CATHERINE WHEEL: HAPPY DAYS (1995)
1) God Inside My Head; 2) Waydown; 3) Little Muscle; 4) Heal; 5) Empty Head; 6) Receive; 7) My Exhibition; 8) Eat My Dust You Insensitive Fuck; 9) Shocking; 10) Love Tips Up; 11) Judy Staring At The Sun; 12) Hole; 13) Fizzy Love; 14) Kill My Soul.
As the first guitar chords of ʽGod Inside My Headʼ appear on the horizon, the horrible thought enters your mind — «Christ! They must have swapped my copy with a bootleg of Metallica outtakes!» Relief will come pretty soon, but the chugging opening is fairly symbolic: it represents Catherine Wheel's ultimate denial of the atmospheric shoegaze ideology and their further advance into the realm of modern heavy rock. Thrash influences are actually quite thin here, compared to the power-chord based grunge / alt-rock legacy, but overall, it is clear that they want to try their hand at «brute force psychedelia» now, rather than simply «distorted guitar psychedelia».
Veteran fans and critics, as far as I can tell in retrospect, despised this decision, but honestly, it was just a fairly logical continuation of the evolution that had already started on Chrome. Perhaps they really were trying to sell out, taking after Bush rather than My Bloody Valentine, but the most important element of the Catherine Wheel sound, the Dickinson/Futter guitar interplay, remains firmly in place, so all they really did was take some focus off the atmosphere and invest it in riffage and power. Admittedly, I cannot insist that it was a correct decision: Dickinson is no heavy metal riffmeister, and I have a hard time trying to remember if there was at least one heavy guitar pattern on this entire record that rocked me to the bone like a Nirvana or an Alice In Chains song can often do. (ʽHoleʼ probably comes closest, but still not close enough).
But let us begin with the singles. ʽJudy Staring At The Sunʼ was the first one, with a title more fit for a Belle & Sebastian record, perhaps, and very little of the band's usual sonic inventiveness — the song puts far more trust in the romantic repetitiveness of its title, where Dickinson is joined by Tanya Donelly of Throwing Muses in the quest to raise a little band of angels in support of the world's latest imaginary spiritual martyr ("Judy's day passed out of sight, Judy will be suffering tonight", because it serves you right to suffer, as John Lee Hooker told us earlier). It's not a bad song, except that one or one dozen or one hundred more or less like it was probably written by every British guitar band in the 1990s, and this one, I must admit, does not even make good use of the Dickinson/Futter combo (just the same predictable distortion / jangle pairing throughout, without any attempts to change direction).
The real low point was probably the second single, only released briefly for promotional purposes: ʽLittle Muscleʼ is about... no, it's not about what you probably think (you pervert! I thought about it earlier than you anyway!), it's about, hmm, licking a letter to one's lover with one's tongue, which is sort of the most natural thing to do for a Catherine Wheel song protagonist. The song is short, silly, alternates between quiet and loud passages just like Blur's ʽSong 2ʼ, but without any shades of irony or parody. I suppose that if we really start judging the merits of the album by this kind of song, all criticisms are justified... then again, it was one of the singles. And so was ʽWaydownʼ, which really sounds like a weak attempt to ape the structural and emotional style of Nevermind — loud, quiet, loud, quiet, scream, desperation, noisy guitar break, post-teen angst, but they still can't nail it with as much conviction as Cobain could, maybe perhaps, unlike Kurt, Mr. Dickinson really does not have a gun (fortunately for him, in the long run).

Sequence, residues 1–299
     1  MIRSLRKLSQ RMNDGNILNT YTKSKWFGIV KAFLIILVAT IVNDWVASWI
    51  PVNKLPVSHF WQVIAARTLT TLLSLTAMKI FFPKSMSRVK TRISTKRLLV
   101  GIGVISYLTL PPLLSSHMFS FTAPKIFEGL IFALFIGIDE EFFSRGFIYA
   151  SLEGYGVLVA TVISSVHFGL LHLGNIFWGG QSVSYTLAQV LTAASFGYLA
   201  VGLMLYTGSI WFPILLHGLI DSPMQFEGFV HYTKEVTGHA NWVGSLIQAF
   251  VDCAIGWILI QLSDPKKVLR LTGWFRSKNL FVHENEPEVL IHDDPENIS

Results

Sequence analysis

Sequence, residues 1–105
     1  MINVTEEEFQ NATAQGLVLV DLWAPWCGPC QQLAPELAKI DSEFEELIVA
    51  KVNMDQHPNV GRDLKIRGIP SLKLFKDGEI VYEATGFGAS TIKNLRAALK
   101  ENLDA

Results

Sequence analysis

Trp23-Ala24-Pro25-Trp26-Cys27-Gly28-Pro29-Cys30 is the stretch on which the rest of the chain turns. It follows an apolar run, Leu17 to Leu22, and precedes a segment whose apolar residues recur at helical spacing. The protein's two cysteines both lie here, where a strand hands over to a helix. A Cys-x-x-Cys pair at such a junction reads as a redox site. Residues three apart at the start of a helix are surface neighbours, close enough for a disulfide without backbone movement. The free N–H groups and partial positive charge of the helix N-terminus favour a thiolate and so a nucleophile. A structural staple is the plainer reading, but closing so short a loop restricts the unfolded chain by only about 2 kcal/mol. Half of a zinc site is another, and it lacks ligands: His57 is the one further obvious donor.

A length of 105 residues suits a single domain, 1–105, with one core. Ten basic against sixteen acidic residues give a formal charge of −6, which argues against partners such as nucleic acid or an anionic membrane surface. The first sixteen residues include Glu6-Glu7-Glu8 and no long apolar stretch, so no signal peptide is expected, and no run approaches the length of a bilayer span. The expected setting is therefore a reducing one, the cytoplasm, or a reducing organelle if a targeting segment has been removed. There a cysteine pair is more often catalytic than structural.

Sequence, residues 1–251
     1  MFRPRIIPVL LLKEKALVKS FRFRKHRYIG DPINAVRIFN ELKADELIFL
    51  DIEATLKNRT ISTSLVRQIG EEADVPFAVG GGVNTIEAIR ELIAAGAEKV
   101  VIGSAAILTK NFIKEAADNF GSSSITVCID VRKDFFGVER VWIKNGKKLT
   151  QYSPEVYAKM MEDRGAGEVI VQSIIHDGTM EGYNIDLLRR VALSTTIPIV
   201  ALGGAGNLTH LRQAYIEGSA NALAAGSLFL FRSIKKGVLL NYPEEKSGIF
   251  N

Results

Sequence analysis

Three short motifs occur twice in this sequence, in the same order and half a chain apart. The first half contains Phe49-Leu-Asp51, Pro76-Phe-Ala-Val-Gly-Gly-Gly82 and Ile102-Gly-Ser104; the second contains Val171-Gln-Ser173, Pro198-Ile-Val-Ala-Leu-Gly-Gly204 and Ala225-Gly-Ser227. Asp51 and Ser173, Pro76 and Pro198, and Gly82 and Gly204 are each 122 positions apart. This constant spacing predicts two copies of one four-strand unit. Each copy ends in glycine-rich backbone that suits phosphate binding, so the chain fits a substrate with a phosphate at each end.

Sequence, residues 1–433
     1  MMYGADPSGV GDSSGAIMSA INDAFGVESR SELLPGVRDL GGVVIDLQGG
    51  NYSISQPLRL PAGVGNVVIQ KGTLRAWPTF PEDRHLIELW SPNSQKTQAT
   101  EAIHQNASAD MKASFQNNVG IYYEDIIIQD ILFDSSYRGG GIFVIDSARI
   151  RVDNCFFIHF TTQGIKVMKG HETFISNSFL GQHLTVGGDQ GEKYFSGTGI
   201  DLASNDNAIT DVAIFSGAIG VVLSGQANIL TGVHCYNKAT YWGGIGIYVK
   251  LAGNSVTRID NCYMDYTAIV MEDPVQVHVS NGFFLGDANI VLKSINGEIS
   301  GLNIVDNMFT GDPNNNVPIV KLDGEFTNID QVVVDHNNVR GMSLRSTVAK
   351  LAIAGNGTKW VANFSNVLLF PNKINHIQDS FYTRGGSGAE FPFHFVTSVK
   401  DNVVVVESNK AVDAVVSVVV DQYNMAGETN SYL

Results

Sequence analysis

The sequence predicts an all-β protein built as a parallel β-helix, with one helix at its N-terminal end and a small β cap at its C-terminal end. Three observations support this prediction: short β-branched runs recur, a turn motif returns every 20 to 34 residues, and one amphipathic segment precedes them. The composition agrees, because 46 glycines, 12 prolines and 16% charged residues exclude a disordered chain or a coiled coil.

Yet again, this does not mean these loud, short, and totally non-outstanding songs are completely typical of the album. Its centerpiece, for instance, is an eight-minute Talk Talk-ish epic (the least Talk Talk-ish thing about it is its offensive title — ʽEat My Dust You Insensitive Fuckʼ) that's all atmosphere, alternating between soft and subtle guitar/organ textures and squeaky-swampy harmonica breaks with dark side overtones. Another highlight is ʽHealʼ, with a beautifully modulated vocal part from Dickinson: fulfilling the «power ballad» role on this album, it knows when to tone down the grinding distortion and place its faith in the old-fashioned Hammond organ, and the quiet "everyone needs someone" coda has that soulful-melancholic Peter Gabriel / Mark Hollis vibe to it; I wish there were more moments like these on the record, because if you're going to copycat anyway, why not choose the right models?
Besides, it's not as if the album is simple enough to fit into the «if it's long, it's atmospheric and mesmerizing; if it's short, it's stupid and boring» formula. I really like ʽHoleʼ, for instance, which sounds nothing like the real Hole, but is a shapelier alt-rocker than most of the other ones, funkier and with some sneery arrogance in the chorus melody to add to the generic paranoid / pissed-off alt-rock feel. And elsewhere I just wait for the instrumental break, because Futter still dutifully solos like a beast every now and then, saving the band's reputation as best as he can (ʽEmpty Headʼ, for instance). On the whole, you know, I couldn't really bet my head that Happy Days is an objective letdown, in terms of composition, after Chrome — and Catherine Wheel were never about pure atmosphere from the very beginning, either. It does, however, place them in the rather insecure and risky position of diluting their identity, which was never all that outstanding in the first place — and, of course, once we shake the cobwebs away and realize that 1995 was also the year of The Bends, well... there's only so much space in one's head that one should feel free to allocate to music like this, and for 1995, Radiohead occupy most of it anyway.